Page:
The issue is that these shelters are not always the best option, and many people decide against staying in the conditions that these locations provide.

The shelters take away the freedoms many people take for granted, the most common being autonomy. Those who prefer to find alternatives to these shelters have commonly complained about the strict curfews put in place, which prevent them from coming and going freely from the place that they should be able to call ‘home.’

“As a mayor of all of us, including my homeless brothers and sisters, I am not leaving any New Yorkers behind. We’re moving together and that is the goal of what we must accomplish… I’m not abandoning anyone. I am not believing that dignity is living in a cardboard without a shower, without a toilet… in terrible living conditions,” stated New York City Mayor Eric Adams. (Nathan Dumlao / Unsplash)

Privacy is another major concern, as those who stay in a shelter may have to share their living space with strangers and their families. Equally important, safety concerns arise due to these conditions, as the situation can quickly turn dangerous if conflicts arise among those who try to assert boundaries in a communal area.

Some people also have specific mental health and general medical needs, which can prove to be an issue for themselves as well as those living with them. In an interview for CBS, Stuart Smith, who was staying in a hotel instead of a traditional shelter, stated, “I caught COVID in the shelter. Then they had to send me to another hotel. Then the doctors tell them I’m not supposed to be around a lot of people.”

With countless sides to this complicated issue, some people, such as Jayla Mariduena ’25, have mixed opinions on the matter. Mariduena believes that something must be done to keep the homeless off the streets, but Mayor Adams is giving these people no other viable option: “He’s kicking them out without giving them another place they’ll actually want to stay in, so they’re just going to find somewhere else to camp out.”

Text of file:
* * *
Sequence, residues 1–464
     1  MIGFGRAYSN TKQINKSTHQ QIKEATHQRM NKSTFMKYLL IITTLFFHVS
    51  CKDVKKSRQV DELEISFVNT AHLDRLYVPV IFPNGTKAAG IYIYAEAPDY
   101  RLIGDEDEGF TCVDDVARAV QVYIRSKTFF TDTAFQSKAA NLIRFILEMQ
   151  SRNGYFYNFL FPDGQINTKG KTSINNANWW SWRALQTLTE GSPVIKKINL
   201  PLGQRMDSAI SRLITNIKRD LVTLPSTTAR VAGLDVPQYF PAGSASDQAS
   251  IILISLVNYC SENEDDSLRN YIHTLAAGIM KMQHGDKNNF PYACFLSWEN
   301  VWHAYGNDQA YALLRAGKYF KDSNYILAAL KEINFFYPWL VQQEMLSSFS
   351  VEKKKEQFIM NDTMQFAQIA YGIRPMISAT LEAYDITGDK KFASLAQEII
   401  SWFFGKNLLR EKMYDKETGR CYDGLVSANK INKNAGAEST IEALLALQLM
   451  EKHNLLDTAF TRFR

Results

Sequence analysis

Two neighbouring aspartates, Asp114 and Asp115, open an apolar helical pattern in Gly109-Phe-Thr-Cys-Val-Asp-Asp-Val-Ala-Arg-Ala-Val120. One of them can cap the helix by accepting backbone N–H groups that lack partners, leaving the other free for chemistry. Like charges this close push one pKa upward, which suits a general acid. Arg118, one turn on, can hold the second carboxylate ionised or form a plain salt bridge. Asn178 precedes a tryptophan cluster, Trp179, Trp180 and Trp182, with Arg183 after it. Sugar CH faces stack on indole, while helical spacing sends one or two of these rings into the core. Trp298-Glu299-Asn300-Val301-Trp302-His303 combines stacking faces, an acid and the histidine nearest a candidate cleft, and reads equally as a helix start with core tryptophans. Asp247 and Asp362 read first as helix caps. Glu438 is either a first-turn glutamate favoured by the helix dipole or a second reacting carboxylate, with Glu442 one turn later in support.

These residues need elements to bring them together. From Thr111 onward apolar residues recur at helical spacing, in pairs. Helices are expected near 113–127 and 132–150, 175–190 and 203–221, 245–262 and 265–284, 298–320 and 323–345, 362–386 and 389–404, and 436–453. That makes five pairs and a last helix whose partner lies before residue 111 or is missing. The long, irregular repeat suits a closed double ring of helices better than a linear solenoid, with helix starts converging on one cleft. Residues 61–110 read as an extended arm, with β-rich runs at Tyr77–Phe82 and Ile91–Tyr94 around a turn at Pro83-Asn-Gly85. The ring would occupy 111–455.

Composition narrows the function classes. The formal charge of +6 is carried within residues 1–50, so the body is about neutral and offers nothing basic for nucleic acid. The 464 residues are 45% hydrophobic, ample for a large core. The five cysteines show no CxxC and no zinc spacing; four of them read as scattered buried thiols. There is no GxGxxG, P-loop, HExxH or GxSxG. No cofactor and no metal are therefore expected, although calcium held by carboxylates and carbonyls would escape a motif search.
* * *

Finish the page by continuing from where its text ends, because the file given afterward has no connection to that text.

As many believe, Mayor Adams has done nothing but create a temporary cover-up instead of searching for a more permanent solution at the source of the issue. Therefore, the scale of opposition is understandable, and some people have even proposed alternate solutions.

Arianne Browne ’22 stated, “I think there should be more affordable/accessible housing options for not just homeless people, but everyone in the city. Minimum wage jobs aren’t enough to keep up with the cost of living in this city, and it’s outright cruel to expect people to just go somewhere else when they wouldn’t be on the streets or in subway stations if they had a better option.”

Browne believes that in addition to improving the housing situation, there should be a big focus on the mental and physical health care as well as harm-reduction systems in the city.

“People shouldn’t be struggling on the streets while others are up in skyscrapers making millions a year. It’s a real shocker to see. Everything is a struggle, from a lack of basic necessities and not being able to get the help you need, especially… if you’re on the streets fighting for your life. Most people in New York City are more likely closer to being homeless than to becoming billionaires, so it’s important to have empathy and compassion for those of us who are struggling right now,” said Browne.

Arianne Browne ’22 stated, “I think there should be more affordable/accessible housing options for not just homeless people, but everyone in the city. Minimum wage jobs aren’t enough to keep up with the cost of living in this city, and it’s outright cruel to expect people to just go somewhere else when they wouldn’t be on the streets or in subway stations if they had a better option.”